As for the most recent Surface PCs, Surface Laptop 3 and Surface Pro 7 are supported until October 22, 2023, Surface Pro X is supported until November 5, 2023. Surface Go 2 is supported until May 6, 2024. Surface Book 3 is supported until May 26, 2024. And Surface Pro X SQ2 and Surface Laptop Go are supported until October 13, 2024.

Windows 10 support varies from PC to PC as well, and Microsoft maintains a separate site that explains which Windows 10 versions are supported on each Surface PC. Businesses will also need to check out another site that describes Surface PC compatibility with Windows 10 Long-Term Servicing Channel (LTSC).

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Comments (22)

22 responses to “Microsoft Finally Opens Up on Surface Support Lifecycle”

  1. RobertJasiek

    There are different lifecycles of products:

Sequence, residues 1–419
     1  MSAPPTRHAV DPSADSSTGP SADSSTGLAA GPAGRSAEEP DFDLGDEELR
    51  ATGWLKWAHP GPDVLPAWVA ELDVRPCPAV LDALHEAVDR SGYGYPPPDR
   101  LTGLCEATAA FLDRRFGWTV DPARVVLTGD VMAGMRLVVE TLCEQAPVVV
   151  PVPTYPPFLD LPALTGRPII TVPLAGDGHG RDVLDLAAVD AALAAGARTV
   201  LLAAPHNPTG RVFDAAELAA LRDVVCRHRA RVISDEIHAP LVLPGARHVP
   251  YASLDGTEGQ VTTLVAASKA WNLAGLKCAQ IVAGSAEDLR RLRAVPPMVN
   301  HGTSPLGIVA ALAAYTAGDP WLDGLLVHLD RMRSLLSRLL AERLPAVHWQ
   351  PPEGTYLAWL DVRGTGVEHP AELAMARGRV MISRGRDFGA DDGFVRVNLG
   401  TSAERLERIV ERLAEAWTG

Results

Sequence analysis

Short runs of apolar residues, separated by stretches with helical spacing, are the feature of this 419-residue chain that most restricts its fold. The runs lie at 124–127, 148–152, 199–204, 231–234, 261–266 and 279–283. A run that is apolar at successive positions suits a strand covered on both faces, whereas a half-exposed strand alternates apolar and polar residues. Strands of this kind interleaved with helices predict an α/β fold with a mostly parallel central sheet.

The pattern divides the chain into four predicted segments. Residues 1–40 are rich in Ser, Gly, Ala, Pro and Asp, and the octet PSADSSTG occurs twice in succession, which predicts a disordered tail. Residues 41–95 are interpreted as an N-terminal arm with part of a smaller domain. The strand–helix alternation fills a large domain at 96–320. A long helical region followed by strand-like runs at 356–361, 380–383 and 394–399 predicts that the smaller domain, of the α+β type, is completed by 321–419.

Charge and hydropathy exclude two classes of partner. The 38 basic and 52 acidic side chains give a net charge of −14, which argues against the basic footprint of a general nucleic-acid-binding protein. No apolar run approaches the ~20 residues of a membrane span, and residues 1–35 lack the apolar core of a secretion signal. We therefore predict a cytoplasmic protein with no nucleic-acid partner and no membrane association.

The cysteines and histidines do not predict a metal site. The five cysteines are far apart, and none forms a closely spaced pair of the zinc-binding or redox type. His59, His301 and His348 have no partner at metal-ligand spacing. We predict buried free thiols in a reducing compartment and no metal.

• end of new driver / firmware updates
    • end of download of already published drivers / firmwares
    • end of compatbility with new OS versions
    • end of hardware supply, in particular batteries


    Circa 4 years of the first lifecycle is not impressive but still fair, provided the other lifecycles are significantly longer. Probably the next threat to lifecycle of a product is end of supply with batteries.

    • sevenacids

      In reply to RobertJasiek:

      Regarding batteries, I suppose there is no support lifecycle at all except for the limited warranty of the device. So if the battery fails and you are out of warranty (or its simply worn out), and if you own a Surface device where you cannot change the battery without breaking/destroying it, you're out of luck with perfectly working hardware. Well done, Microsoft (and others).